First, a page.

“one town should be burdened by the uncontrolled
growth of a landfill.” --New Hampshire Supreme Court Judge Jean Burling.
April 30, 2003
The landfill judicial decision announced this week is a resounding victory
for Bethlehem and for citizens throughout the state who value local
The ruling vindicates the years of struggle, first by a vocal minority, and
more recently by a growing number of Bethlehem residents who refused to be
bullied into submission by a multi-million dollar solid waste conglomerate.
The argument by landfill owner Casella Waste Systems lawyers was that the
state – and by inference its close allies in the waste disposal business –
could disregard local regulations when building or expanding landfills. At
the first state Supreme Court hearing on the matter three years ago, an
incredulous sounding justice asked the Casella lawyer if he really meant to
say that towns have no say in solid waste matters. That’s right, the lawyer
responded, that’s just the point.
That particular point, which lawyers call “preemption,” was at the heart of
the case just decided. At what point does the state interest in
implementing its solid waste disposal policy trump towns’ wishes as to
where, when, and how landfills are built? Judge Jean Burling looked to the
legislative intent behind the state’s rewriting of its solid waste rules in
1996. Contrary to Casella and other industry lobbyists’ arguments, she
found that the rules “leave significant room for local control” in several
key areas. Contrary to Casella’s argument, she found that landfill
operators must get local permission to build new facilities.
The fate of Casella’s proposed Stage IV is still up in the air, for the
landfill owners may appeal Burling’s decision to the state Supreme Court.
The state has already given its permission for this 11-acre expansion, but
Burling’s decision upholds the legality of Bethlehem’s zoning ordinance
prohibiting the expansion of any private landfill. So it barring an
overturn of the decision by a higher court, it appears that the only way
the landfill can get any larger is if its owners win a variance from the
town Zoning Board of Adjustment or convince Bethlehem residents to amend
their ordiance again.
Burling reasoned that Bethlehem’s outlawing of private landfill expansion
avoids the pitfall of NIMBY, or “Not In My Backyard.” Rather than simply
saying no to all landfills, which would be illegal, Bethlehem’s zoning rule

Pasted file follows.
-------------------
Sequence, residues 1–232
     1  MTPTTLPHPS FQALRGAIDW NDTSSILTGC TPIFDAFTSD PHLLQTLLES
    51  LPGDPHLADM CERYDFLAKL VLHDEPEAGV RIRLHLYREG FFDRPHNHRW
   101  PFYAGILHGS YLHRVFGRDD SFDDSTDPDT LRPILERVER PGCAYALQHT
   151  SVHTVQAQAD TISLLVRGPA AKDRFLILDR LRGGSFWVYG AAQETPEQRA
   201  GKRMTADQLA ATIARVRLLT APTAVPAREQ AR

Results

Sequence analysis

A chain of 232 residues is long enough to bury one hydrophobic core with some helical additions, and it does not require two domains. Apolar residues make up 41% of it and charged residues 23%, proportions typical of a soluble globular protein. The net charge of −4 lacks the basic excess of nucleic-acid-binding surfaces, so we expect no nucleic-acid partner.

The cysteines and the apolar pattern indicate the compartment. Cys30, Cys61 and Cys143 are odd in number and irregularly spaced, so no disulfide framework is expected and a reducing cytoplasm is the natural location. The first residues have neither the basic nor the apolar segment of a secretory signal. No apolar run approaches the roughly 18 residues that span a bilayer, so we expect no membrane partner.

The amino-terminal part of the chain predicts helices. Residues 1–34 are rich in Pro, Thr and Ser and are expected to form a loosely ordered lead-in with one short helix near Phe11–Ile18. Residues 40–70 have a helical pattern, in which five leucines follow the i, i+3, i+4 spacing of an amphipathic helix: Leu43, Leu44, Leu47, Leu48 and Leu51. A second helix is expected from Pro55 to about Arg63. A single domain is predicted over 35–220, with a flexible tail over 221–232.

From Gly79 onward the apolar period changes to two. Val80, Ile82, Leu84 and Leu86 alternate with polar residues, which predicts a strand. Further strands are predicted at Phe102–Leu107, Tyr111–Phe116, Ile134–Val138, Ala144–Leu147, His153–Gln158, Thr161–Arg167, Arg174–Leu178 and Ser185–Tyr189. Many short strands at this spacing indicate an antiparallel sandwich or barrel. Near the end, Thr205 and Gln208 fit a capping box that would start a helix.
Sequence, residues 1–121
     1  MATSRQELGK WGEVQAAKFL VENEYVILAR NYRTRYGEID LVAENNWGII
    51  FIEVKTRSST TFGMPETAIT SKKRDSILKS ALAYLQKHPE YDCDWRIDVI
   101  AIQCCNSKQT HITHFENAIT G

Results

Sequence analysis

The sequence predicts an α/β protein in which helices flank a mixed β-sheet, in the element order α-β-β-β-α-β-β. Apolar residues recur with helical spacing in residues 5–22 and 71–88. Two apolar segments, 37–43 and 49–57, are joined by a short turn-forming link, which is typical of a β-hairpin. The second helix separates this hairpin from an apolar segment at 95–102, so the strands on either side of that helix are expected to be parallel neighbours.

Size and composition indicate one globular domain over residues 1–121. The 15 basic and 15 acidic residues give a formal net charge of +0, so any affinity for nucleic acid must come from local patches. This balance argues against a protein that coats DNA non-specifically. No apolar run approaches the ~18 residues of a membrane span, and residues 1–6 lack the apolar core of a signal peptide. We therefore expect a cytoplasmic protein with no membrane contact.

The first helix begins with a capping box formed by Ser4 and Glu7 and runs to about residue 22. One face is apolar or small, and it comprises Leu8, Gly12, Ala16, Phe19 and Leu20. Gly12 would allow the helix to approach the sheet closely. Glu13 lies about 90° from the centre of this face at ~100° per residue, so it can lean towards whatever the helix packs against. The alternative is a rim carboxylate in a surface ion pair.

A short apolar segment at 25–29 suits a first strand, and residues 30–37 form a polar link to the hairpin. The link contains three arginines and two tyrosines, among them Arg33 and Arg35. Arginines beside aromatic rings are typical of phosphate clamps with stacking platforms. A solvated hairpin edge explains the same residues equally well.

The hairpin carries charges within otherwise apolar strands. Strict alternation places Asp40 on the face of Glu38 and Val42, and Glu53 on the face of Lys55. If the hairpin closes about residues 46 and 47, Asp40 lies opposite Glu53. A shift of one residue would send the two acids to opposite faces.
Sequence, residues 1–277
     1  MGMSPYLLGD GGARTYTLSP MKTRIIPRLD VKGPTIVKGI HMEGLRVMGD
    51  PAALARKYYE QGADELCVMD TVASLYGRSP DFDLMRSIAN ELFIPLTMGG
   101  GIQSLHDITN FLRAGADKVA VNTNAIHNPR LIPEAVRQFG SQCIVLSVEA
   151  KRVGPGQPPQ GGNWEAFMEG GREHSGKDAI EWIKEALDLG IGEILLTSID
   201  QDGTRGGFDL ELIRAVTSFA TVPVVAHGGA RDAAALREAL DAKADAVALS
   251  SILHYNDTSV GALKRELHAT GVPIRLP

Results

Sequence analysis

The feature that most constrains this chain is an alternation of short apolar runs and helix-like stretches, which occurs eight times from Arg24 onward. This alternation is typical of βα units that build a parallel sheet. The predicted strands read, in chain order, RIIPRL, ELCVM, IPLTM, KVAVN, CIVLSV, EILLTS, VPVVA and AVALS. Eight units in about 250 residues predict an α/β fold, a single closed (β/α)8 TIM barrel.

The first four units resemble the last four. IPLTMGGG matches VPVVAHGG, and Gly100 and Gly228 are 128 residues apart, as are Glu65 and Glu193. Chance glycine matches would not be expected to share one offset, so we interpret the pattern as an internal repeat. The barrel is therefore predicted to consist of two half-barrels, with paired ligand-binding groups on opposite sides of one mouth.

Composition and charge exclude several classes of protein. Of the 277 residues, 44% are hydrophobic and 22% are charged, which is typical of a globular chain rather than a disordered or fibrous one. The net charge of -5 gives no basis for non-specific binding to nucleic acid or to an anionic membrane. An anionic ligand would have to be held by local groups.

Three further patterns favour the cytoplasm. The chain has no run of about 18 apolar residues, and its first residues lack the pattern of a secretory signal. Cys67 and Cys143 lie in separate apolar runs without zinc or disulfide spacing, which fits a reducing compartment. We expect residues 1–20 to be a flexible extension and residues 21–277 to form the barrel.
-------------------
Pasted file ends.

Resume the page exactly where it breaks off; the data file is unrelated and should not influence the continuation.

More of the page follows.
asserts that the town is “simply electing to undertake their responsibility
[for waste disposal] through a facility sited and operated by the town,”
the judge wrote.
And there is the crux of the matter for North Country communities that have
relied on the Bethlehem landfill for years. The current landfill stage will
only last two more years before it is filled to capacity. If Burling’s
decision withstands any further appeals, and if any attempts Casella might
make to win town approval for Stage IV fail, more than 60 towns in the
state, including Bethlehem, will have to look elsewhere to dispose of their
Some in Bethlehem believe that the Mount Carberry landfill in Berlin is the
solution. Carberry was recently purchased from the Berlin paper mill owners
by the Androscoggin Solid Waste District. The district’s primary interest
is serving its member towns, although it has indicated that it will seek
outside garbage as well. It is supposed to provide a pricing schedule by
the end of this month.
But regardless of how Carberry works out, a long-term solution to waste
disposal needs to start at the source. We all need to take responsibility
for what we throw away. We can reuse and recycle, and reward through our
buying power goods that come in smaller, and preferably recyclable
As Burling concluded, no “one town should be burdened by the uncontrolled
growth of a landfill.” Bethlehem should feel proud of making it down a long
and difficult road to justice.
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